When a free market is in a sufficiently inefficient state for a sufficiently long period of time, people work to establish systems that allow the market to function better. It doesn’t happen overnight, but if someone notices widgets selling for half the price in China than in the US, he’ll buy there and sell here. That sort of thing.
We’re seeing it now with websites and ammunition. The inefficient market (retailers who haven’t raised prices are cleaned out minutes after ammo comes in stock) is being encapsulated and calcified in websites like GunBot that monitor the stock levels of retailers up to the minute and alerts you.
A new one just launched called AmmoScanner and the creator, in his announcement of it, promises more and better things to come. The risk in any type of economic load-balancing effort like this is that the market inefficiency will be solved by some structural or external change and all your work and capital investment (more the former than the latter in this case) will be a loss. But given that the ammo crisis, when it dies, will do it slowly and painfully, this type of site may prove handy to those of us lucky enough to be able to jump available stocks in the ten minutes before they sell out.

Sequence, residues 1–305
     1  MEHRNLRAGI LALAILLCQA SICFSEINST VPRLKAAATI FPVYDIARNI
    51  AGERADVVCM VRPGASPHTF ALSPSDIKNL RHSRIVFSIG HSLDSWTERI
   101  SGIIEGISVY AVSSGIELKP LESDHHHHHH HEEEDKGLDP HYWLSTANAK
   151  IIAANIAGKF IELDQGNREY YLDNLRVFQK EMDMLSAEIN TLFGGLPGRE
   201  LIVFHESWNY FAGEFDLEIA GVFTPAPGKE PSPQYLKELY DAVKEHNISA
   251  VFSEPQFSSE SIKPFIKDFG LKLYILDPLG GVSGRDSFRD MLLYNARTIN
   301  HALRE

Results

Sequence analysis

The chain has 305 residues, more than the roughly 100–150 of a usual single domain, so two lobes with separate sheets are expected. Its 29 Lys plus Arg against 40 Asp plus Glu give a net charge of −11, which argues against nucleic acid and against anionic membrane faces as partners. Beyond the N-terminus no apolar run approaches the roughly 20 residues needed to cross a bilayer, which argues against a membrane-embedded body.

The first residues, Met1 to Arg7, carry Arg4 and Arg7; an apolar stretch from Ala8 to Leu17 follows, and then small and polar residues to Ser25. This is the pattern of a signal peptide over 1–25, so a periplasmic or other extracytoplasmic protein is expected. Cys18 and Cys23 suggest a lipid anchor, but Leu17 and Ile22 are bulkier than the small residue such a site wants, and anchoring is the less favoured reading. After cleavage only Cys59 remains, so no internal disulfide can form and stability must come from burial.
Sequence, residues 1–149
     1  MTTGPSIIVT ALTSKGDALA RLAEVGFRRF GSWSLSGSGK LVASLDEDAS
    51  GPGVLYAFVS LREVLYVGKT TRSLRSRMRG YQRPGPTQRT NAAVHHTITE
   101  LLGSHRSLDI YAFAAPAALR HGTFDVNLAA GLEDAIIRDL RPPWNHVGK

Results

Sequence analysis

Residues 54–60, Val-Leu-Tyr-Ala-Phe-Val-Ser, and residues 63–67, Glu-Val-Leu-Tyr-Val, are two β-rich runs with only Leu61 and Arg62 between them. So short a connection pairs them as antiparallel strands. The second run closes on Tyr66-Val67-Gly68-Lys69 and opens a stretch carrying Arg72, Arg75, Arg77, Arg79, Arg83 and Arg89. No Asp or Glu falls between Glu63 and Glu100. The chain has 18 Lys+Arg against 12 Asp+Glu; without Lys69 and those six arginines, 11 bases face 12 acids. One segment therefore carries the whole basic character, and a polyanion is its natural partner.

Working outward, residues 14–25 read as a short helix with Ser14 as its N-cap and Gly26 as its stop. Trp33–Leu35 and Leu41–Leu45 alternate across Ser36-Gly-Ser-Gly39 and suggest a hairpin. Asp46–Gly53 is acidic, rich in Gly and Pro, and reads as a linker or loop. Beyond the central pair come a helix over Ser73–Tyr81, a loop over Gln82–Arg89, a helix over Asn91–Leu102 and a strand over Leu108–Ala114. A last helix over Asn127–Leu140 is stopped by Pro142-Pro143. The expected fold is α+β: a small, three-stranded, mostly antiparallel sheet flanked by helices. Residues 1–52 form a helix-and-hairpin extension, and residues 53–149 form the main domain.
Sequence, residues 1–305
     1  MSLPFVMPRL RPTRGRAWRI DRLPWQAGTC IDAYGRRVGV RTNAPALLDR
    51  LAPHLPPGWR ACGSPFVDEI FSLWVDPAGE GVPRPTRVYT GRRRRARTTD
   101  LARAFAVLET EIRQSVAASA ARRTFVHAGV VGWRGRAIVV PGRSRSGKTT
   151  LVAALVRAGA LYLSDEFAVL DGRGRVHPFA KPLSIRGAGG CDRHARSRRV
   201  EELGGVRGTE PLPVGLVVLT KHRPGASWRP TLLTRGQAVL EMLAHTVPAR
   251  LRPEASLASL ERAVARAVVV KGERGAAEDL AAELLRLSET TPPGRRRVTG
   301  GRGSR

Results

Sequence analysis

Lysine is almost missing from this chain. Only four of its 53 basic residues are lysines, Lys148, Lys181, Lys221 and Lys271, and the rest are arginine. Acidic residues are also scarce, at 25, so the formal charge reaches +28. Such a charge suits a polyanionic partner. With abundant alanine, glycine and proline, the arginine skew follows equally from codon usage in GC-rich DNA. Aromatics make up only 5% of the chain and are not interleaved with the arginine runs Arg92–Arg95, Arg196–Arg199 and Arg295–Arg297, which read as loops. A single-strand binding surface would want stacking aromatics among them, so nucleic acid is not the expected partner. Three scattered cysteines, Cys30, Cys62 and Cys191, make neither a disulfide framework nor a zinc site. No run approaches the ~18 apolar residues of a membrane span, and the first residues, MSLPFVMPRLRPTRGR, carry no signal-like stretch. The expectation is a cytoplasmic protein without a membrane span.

And, the good news is, sometimes efficiency gains made during a market disruption persist after the disruption is over, leading in the long run to a more efficient market. I imagine we’ll see that here if these websites stick around after prices come back down.
To read the original announcement and revel in the irony that the top comment at press time is bemoaning Cheaper Than Dirt actually allowing their prices to fluctuate to a market clearing rate in an effort to keep anything on their shelves for longer than 10 minutes (aka “price gouging”) check out the thread on Reddit.